World Panel
Viewpoint23 April 2019

Are brands becoming relevant again?

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Are brands becoming relevant again?

Traditionally hotel brands largest added value has been distribution. A hotel got branded and was quite rapidly connected to a massive flow of reservations, on all the channels that existed. It helped guests search, travel agents book and hotels get filled. But that distribution function has largely been replaced by OTAs. So much so that, a few years ago the CEO of a large European Owning company publicly questioned why he should keep his hotels branded instead of going independent.

Today with brands adding new sub-brands every year it becomes unclear what a brand really is. But at the same time, the market is growing and they are making more revenue so it seems like the market accepts the new brands. Google has added a brand search functionality into their metasearch product and the conversation has shifted away from "are brands still needed". The millennial generation is supposedly not loyal to brands. Loyalty programs are getting revamped but costs are increasing. So have brands become relevant again? Are we entering a new golden age for the hotel brands?

This viewpoint was created by
Martin Soler, Partner at Soler & Associates
Charlie Osmond
Co-Founder & Chief Tease at Triptease
Supplier View

The question of 'branded vs unbranded' sets up a false dichotomy that doesn't reflect the reality of the industry. There are countless segments within hospitality: a single traveler can even belong to multiple segments based upon occasion and trip. Travelers want different things at different times and brands are always going to be part of the mix, even if some hotels leave them and choose OTAs or Google as their primary options for distribution. Likewise, it's not very helpful to think of 'brand vs no brand' on a global scale. Traveler preference varies greatly from country to country, and what is true for hotels in the US (where brands play a much larger role) will not be true for hotels in e.g. southern Europe.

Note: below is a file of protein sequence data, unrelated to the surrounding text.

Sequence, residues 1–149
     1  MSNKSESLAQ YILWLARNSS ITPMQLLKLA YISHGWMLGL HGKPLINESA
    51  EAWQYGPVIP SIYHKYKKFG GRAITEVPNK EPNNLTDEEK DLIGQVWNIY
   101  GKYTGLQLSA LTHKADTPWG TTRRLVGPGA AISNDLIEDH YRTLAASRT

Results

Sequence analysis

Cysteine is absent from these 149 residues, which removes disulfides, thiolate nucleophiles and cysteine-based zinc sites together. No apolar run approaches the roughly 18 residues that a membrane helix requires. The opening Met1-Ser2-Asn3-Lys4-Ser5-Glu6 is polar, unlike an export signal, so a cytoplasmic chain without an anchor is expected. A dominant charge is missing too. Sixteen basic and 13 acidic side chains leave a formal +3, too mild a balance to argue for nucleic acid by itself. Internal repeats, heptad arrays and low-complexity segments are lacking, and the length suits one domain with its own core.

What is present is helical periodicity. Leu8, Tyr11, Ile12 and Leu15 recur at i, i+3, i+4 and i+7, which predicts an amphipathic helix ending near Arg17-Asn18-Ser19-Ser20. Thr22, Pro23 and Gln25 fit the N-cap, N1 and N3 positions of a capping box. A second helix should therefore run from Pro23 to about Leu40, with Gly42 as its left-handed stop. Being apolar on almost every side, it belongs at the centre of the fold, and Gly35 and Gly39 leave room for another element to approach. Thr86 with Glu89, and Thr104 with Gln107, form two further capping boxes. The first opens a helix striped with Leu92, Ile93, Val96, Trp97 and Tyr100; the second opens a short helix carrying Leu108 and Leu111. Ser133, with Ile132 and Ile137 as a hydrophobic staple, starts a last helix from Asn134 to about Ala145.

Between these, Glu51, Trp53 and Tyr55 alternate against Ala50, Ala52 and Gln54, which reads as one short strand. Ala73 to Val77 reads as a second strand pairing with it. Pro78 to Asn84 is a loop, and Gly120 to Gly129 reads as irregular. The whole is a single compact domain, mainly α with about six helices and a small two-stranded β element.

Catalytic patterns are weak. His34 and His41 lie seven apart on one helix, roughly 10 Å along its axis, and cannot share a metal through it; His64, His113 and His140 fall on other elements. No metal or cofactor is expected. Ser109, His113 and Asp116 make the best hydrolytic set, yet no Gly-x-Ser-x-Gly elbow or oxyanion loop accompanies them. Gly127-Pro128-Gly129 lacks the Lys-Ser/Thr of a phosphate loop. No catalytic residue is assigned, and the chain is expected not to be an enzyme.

The big change - Google is helping hotel tech providers level the playing field against OTAs. The ability for hotels, particular independents, to tap into alternative distribution routes is undoubtedly strengthening. Google's travel offering is becoming more prominent and accessible. Today OTAs get a quarter of their business from meta and hotels only achieve 2%. We predict Google's efforts are going to drive a massive change for independents and small chains with sufficient digital nous. 

Getting smart about using Google for distribution will be a real game-changer in 2019 and 2020. Opportunities are opening up for smaller hotels to apply their website and booking engine conversion data to their metasearch bidding strategies in a way that cuts out the need for large, cumbersome distribution contracts. That might be the thing that really disrupts the appeal of the hotel brand.

Millennials - When it comes to thinking in terms of 'the millennial mindset', it can certainly be a useful paradigm to employ, but it's important to remember that millennials themselves behave in different ways at different times. As millennials age, they are likely to travel for business as much as they take vacations, and their propensity for loyalty can also change alongside that. From a personal point of view, that's certainly been the case for me. Last year, big brands improved their performance and so too did the OTAs. Online was the real winner, not brand or OTA. In fact, far from becoming irrelevant, brands have strengthened their offering in the areas they can truly differentiate themselves: loyalty and the direct customer experience.

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